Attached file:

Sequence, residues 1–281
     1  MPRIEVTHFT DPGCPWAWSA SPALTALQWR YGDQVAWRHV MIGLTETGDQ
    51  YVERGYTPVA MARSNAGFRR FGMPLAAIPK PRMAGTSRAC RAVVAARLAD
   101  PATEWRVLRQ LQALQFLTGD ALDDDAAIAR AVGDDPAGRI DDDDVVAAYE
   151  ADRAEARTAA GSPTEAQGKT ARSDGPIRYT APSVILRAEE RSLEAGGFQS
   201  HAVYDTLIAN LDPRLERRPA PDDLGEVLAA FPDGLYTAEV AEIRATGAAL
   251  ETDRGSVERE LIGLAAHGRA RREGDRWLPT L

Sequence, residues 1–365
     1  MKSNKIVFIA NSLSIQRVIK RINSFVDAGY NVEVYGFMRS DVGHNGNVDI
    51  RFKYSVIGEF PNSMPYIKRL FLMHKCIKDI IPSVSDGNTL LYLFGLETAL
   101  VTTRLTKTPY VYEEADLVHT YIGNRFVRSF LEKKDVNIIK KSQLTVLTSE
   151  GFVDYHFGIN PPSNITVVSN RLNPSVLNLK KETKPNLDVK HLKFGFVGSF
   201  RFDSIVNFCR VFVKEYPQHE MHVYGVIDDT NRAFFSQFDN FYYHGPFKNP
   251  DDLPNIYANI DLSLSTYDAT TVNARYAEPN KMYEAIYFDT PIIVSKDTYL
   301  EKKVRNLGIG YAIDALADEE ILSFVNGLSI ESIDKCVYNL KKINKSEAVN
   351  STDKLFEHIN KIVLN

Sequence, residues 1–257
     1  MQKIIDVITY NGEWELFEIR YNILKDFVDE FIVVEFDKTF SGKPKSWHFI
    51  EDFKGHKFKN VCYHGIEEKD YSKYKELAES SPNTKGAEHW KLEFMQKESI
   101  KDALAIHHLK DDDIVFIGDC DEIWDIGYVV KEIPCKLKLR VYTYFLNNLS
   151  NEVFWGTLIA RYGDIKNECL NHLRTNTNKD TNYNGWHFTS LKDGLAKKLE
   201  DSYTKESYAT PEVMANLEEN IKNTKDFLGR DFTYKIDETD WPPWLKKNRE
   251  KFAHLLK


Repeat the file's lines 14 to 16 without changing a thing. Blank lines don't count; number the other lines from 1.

   251  DDLPNIYANI DLSLSTYDAT TVNARYAEPN KMYEAIYFDT PIIVSKDTYL
   301  EKKVRNLGIG YAIDALADEE ILSFVNGLSI ESIDKCVYNL KKINKSEAVN
   351  STDKLFEHIN KIVLN